A first-person smart detective story is actually difficult to pull off without annoying the reader all to hell; if we’re in his brain, why won’t he tell us crap? Unreliable narrators are all and well, but there has to be a damn good reason, or else you’ve pretty much betrayed the reader. There are other ways around having a POV that’s centered on the detective; for instance, Lord Peter Wimsey stories are third-person smart detective, and the narrator, while not a character in the story, plays a large role in selectively revealing intention and hiding the rest.
“I assure you that I am in your hands.”
“In the first place, both my friend and I must spend the night in your room.”
Well, it’s not going to be an enjoyable night, not even if you’re into Holmes/Watson. Also, didn’t the story start with Holmes walking into Watson’s room while Watson was asleep in his jammies without knocking? What are we supposed to think, Doyle?
Yes, I’m joking here, I know this is to watch out for [SPOILER], not to make out. But I can’t help myself. Blame the New Movie if you must.
Both Miss Stoner and I gazed at him in astonishment.
“Yes, it must be so. Let me explain. ((But not really.)) I believe that is the village inn over there?”
“Yes, that is the Crown.”
“Very good. Your windows would be visible from there?”
“You must confine yourself to your room, on pretence of a headache, when your stepfather comes back. Then when you hear him retire for the night, you must open the shutters of your window, undo the hasp, put your lamp there as a signal to us, and then withdraw quietly with everything which you are likely to want into the room which you used to occupy. I have no doubt that, in spite of the repairs, you could manage there for one night.”
“Oh, yes, easily.”
“The rest you will leave in our hands.”
“But what will you do?”
“We shall spend the night in your room, and we shall investigate the cause of this noise which had disturbed you.”
“I believe, Mr. Holmes, that you have already made up your mind,” said Miss Stoner, laying her hand upon my companion’s sleeve.
“Perhaps I have.”
“Then, for pity’s sake, tell me what was the cause of my sister’s death.”
“I should prefer to have clearer proofs before I speak.”
“You can at least tell me whether my own thought is correct, and if she died from some sudden fright.”
“No, I do not think so. I think that there was probably some more tangible cause. And now, Miss Stoner, we must leave you, for if Dr. Roylott returned and saw us our journey would be in vain. Good-bye, and be brave, for if you will do what I have told you you may rest assured that we shall soon drive away the dangers that threaten you.”
COMMA COMMA COM— *squashes down internal copyeditor*
Man, there were a lot of pictures illustrating this story. We don’t really get that anymore, more’s the pity.
Sherlock Holmes and I had no difficulty in engaging a bedroom and sitting-room at the Crown Inn. They were on the upper floor, and from our window we could command a view of the avenue gate, and of the inhabited wing of Stoke Moran Manor House. At dusk we saw Dr. Grimesby Roylott drive past, his huge form looming up beside the little figure of the lad who drove him. The boy had some slight difficulty in undoing the heavy iron gates, and we heard the hoarse roar of the doctor’s voice and saw the fury with which he shook his clinched fists at him. The trap drove on, and a few minutes later we saw a sudden light spring up among the trees as the lamp was lit in one of the sitting-rooms.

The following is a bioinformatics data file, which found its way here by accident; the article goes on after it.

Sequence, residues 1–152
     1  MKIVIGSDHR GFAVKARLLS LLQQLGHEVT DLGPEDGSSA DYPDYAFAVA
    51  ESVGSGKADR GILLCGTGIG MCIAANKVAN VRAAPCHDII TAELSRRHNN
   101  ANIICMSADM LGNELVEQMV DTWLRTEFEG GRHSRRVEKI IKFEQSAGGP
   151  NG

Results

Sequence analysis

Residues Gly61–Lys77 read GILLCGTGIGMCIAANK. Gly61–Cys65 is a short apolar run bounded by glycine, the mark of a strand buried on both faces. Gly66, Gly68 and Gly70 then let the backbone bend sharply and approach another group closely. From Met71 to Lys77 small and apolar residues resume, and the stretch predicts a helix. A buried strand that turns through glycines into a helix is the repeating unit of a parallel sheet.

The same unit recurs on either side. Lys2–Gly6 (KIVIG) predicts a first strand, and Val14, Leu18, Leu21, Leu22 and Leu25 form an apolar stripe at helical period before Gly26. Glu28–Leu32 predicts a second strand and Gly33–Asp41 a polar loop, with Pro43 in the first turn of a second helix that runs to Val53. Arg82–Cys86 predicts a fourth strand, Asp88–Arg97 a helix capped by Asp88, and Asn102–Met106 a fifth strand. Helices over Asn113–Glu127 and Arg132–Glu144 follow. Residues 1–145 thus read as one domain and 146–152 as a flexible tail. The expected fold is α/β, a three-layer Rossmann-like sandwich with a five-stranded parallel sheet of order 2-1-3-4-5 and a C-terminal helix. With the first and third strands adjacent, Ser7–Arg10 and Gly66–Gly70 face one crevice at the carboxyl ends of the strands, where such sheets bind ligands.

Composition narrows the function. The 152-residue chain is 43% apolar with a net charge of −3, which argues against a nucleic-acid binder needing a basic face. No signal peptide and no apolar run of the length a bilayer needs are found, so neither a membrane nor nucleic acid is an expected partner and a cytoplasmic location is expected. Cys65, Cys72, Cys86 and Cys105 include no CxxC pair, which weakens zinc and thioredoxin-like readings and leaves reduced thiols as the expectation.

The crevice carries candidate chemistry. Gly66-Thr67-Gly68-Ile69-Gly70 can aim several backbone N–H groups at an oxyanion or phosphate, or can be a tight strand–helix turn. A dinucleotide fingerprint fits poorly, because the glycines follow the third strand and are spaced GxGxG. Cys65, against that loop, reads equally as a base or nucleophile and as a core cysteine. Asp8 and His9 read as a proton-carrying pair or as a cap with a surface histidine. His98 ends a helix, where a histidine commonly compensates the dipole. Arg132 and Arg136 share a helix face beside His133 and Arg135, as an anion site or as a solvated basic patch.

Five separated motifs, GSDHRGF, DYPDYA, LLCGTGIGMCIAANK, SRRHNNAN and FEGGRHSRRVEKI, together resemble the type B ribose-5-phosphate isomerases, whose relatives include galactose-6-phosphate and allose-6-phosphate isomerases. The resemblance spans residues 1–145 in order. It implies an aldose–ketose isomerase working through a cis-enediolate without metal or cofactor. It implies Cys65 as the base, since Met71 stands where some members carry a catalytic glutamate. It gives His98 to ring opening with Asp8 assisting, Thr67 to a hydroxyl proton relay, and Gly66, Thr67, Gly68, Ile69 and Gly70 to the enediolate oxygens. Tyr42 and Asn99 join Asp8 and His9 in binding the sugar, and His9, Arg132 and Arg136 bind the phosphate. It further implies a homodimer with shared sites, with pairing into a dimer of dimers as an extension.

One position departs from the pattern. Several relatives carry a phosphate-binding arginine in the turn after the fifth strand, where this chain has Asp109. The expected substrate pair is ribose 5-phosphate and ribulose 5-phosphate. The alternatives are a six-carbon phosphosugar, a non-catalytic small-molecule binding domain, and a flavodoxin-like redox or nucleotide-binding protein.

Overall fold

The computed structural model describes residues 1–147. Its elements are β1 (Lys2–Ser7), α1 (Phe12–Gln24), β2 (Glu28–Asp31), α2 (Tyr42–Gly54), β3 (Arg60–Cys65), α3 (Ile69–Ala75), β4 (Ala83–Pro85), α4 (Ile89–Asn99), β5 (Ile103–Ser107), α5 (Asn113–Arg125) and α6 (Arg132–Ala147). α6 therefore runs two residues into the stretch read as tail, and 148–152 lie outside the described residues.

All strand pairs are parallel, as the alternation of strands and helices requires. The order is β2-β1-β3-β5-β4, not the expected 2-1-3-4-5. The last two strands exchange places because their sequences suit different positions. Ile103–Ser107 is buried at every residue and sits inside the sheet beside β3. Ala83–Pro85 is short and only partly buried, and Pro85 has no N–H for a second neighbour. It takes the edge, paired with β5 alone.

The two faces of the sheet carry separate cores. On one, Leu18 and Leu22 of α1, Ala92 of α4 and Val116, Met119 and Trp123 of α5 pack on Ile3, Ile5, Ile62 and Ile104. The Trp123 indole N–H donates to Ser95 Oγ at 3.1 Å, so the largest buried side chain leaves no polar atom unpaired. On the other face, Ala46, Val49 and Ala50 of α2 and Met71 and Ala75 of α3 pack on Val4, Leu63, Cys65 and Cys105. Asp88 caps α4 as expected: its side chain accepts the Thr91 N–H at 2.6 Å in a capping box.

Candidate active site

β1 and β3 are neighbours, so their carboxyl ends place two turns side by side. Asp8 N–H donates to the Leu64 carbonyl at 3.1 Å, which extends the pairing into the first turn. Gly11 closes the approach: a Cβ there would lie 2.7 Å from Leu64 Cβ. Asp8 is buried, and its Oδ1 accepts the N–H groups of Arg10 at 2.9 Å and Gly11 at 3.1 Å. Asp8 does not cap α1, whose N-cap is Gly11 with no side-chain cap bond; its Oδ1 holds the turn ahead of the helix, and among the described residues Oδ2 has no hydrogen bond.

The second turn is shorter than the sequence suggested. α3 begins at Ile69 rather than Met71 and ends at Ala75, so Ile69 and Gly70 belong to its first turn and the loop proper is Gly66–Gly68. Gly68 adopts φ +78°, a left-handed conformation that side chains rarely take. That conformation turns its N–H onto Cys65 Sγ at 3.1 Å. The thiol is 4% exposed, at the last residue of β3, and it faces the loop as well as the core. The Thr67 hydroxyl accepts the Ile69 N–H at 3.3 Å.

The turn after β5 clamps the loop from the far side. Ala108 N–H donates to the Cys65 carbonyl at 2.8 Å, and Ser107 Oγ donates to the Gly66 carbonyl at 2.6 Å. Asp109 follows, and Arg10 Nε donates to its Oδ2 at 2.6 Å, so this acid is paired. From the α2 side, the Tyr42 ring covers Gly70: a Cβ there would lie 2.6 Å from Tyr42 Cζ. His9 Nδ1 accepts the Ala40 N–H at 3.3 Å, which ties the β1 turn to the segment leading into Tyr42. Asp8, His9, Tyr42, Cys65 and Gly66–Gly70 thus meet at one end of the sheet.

This could have been a boring segue into the real action-adventure meat of this story, such as it is, but Doyle chose to liven it up by reminding us who the villain is. Heavily telegraphed, but we remember the threat of Dr. Roylott, and it’s colorful. Consider this part of raising the stakes: not only does Holmes say earlier that Miss Roylott’s life is in danger, we see the physical evidence of at least the secondary (and very obvious) threat of her stepfather.
“Do you know, Watson,” said Holmes as we sat together in the gathering darkness, “I have really some scruples as to taking you to-night. There is a distinct element of danger.”
Sorry. This is actually decent, if very telegraphed, suspense-building. There actually is suspense. Partly because Holmes is such a tease at times, but that’s mainly because he dislikes disgracing himself with an invalid hypothesis.
Also because he’s a tease.
Another note: the heightening of stakes is not merely told to us, but also fully supported, as the following brainstorm conversation between Holmes and Watson shows. If we didn’t have the following passage, then Holmes really would have been melodramatic, rather than dramatic.
“Can I be of assistance?”
“Your presence might be invaluable.”
“Then I shall certainly come.”
“It is very kind of you.”
“You speak of danger. You have evidently seen more in these rooms than was visible to me.”
“No, but I fancy that I may have deduced a little more. I imagine that you saw all that I did.”
“I saw nothing remarkable save the bell-rope, and what purpose that could answer I confess is more than I can imagine.”
“You saw the ventilator, too?”
“Yes, but I do not think that it is such a very unusual thing to have a small opening between two rooms. It was so small that a rat could hardly pass through.”
“I knew that we should find a ventilator before ever we came to Stoke Moran.”
“My dear Holmes!”
“Oh, yes, I did. You remember in her statement she said that her sister could smell Dr. Roylott’s cigar. Now, of course that suggested at once that there must be a communication between the two rooms. It could only be a small one, or it would have been remarked upon at the coroner’s inquiry. I deduced a ventilator.”
“But what harm can there be in that?”
“Well, there is at least a curious coincidence of dates. A ventilator is made, a cord is hung, and a lady who sleeps in the bed dies. Does not that strike you?”
“I cannot as yet see any connection.”
“Did you observe anything very peculiar about that bed?”
“It was clamped to the floor. Did you ever see a bed fastened like that before?”
“I cannot say that I have.”
“The lady could not move her bed. It must always be in the same relative position to the ventilator and to the rope—or so we may call it, since it was clearly never meant for a bell-pull.”
“Holmes,” I cried, “I seem to see dimly what you are hinting at. We are only just in time to prevent some subtle and horrible crime.”
“Subtle enough and horrible enough. When a doctor does go wrong he is the first of criminals. He has nerve and he has knowledge. Palmer and Pritchard were among the heads of their profession. This man strikes even deeper, but I think, Watson, that we shall be able to strike deeper still. But we shall have horrors enough before the night is over; for goodness’ sake let us have a quiet pipe and turn our minds for a few hours to something more cheerful.”
Watson caps off the current suspense, and Holmes finishes it off. There is the beginning of a quiet period mentioned, but it’s never shown—because that would have been boring, not suspense-raising.
… we’ll talk about action. Real, honest to gods, we have earned this, action.